Why contact a Empire Mesothelioma Lawyer
- You can be affected by Mesothelioma even if your exposure to asbestos was minimal
- a Empire Mesothelioma Attorney from Ketterman Rowland & Westlund can seek financial compensation
- Your Empire Mesothelioma Lawyer from KRW has the experience needed to handle these difficult cases
- Speak to a Empire Asbestos Attorney today call (855) 579-5299
Empire Mesothelioma Lawyer
How a Empire Mesothelioma Attorney Can Help You
A Mesothelioma diagnosis can be devastating. Exposure to asbestos can cause a variety of cancers, but Mesothelioma is arguably the most insidious. Our Empire Asbestos Lawyers have handled numerous cases where this toxic substance has forever altered someone’s life, but Mesothelioma is especially troublesome because even low levels of exposure can cause the disease. If you or someone you love was diagnosed with Mesothelioma after exposure to asbestos at work or at home, we can help. If your concerned about exposure to asbestos, your Empire Mesothelioma Lawyer will first recommend that you contact your primary physician for an x-ray referral.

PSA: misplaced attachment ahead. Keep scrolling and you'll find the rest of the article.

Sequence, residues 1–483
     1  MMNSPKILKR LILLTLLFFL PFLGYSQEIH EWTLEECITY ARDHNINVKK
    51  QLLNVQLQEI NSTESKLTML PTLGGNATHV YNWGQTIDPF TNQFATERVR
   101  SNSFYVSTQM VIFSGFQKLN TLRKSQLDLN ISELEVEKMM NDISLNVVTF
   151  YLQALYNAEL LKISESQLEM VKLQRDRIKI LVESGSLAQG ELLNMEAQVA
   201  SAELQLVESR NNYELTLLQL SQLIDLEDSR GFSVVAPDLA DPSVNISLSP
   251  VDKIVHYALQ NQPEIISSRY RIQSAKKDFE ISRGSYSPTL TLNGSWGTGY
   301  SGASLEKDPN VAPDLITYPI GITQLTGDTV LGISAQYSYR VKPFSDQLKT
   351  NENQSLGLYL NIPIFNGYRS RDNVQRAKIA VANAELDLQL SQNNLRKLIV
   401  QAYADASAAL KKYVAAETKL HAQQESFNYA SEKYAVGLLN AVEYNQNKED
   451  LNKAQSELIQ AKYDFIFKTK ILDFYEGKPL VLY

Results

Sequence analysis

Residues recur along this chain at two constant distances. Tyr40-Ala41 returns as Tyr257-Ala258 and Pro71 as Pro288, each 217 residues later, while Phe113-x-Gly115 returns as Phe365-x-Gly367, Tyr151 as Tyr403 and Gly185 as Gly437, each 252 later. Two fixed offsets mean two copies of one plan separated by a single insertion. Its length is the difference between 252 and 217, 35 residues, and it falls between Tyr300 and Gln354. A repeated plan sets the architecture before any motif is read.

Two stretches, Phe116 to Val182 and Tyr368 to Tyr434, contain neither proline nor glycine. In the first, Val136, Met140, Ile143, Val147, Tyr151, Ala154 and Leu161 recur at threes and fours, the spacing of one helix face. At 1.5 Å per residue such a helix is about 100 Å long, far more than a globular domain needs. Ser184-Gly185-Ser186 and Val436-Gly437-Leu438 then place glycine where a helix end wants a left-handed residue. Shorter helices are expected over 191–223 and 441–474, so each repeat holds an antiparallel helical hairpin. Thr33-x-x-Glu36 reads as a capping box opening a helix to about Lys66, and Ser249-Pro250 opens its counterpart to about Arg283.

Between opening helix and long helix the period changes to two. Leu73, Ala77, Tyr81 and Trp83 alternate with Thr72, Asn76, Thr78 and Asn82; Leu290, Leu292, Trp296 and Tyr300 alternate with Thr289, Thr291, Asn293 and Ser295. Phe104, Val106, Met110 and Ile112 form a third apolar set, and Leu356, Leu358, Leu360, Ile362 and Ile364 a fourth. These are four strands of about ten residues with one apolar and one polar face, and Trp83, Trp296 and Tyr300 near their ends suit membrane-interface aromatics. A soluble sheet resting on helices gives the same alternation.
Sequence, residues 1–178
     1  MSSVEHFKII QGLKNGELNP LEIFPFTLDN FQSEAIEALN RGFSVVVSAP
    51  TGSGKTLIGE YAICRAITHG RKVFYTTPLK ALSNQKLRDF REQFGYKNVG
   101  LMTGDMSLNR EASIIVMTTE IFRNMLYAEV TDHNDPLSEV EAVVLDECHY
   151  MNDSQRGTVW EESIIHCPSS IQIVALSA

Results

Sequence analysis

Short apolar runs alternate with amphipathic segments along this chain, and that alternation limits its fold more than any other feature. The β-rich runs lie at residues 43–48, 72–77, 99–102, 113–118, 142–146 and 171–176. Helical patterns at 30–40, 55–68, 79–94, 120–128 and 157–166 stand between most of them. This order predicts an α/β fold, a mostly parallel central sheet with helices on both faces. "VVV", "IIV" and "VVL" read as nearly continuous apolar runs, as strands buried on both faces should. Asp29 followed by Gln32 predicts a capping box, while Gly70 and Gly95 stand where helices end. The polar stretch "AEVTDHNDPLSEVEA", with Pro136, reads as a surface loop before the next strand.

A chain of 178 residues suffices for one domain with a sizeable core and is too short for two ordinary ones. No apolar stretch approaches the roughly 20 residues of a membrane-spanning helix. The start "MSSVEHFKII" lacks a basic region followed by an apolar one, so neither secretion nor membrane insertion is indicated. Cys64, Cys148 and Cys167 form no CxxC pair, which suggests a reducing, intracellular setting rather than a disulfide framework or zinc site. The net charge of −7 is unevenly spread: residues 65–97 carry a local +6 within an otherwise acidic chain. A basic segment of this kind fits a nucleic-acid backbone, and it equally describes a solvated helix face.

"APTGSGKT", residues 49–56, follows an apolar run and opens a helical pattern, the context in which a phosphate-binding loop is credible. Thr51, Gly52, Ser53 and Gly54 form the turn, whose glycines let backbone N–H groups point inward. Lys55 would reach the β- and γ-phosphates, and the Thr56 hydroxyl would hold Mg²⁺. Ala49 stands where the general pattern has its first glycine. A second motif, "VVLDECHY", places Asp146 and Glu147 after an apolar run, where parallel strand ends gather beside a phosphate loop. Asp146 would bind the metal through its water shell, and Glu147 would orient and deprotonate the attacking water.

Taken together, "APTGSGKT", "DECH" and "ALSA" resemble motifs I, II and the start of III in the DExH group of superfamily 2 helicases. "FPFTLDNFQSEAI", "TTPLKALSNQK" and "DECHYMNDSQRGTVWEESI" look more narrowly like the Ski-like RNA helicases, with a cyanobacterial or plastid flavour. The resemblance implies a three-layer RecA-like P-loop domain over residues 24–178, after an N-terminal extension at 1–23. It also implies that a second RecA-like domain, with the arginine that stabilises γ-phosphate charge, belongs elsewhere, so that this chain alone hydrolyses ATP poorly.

Empire Asbestos Attorney
What is Asbestos, and Who Can Be Affected By It?
Asbestos is a mineral used in a variety of construction materials used in Empire, and has many other uses because of its fire-retardant and insulating properties. The danger lies in the microscopic fibers that can be inhaled, which damage the lungs and causes cancers, including Mesothelioma. These fibers can also attach themselves to clothing, which means you can be at risk for Mesothelioma even if you are not working directly with asbestos. If you are exposed to asbestos in your Empire home or on the job, you may not develop Mesothelioma for many years. This underscores why it’s so important to speak with a Empire Mesothelioma Attorney immediately if you’ve been diagnosed with this terrible disease.
Contact a Empire Mesothelioma Lawyer Today
At Ketterman Rowland & Westlund, we take a compassionate approach to difficult Mesothelioma cases. Your Empire Mesothelioma Attorney has the experience needed to seek financial compensation if you or someone you love developed Mesothelioma because of exposure to asbestos. Contact us today for a free Mesothelioma consultation in Empire.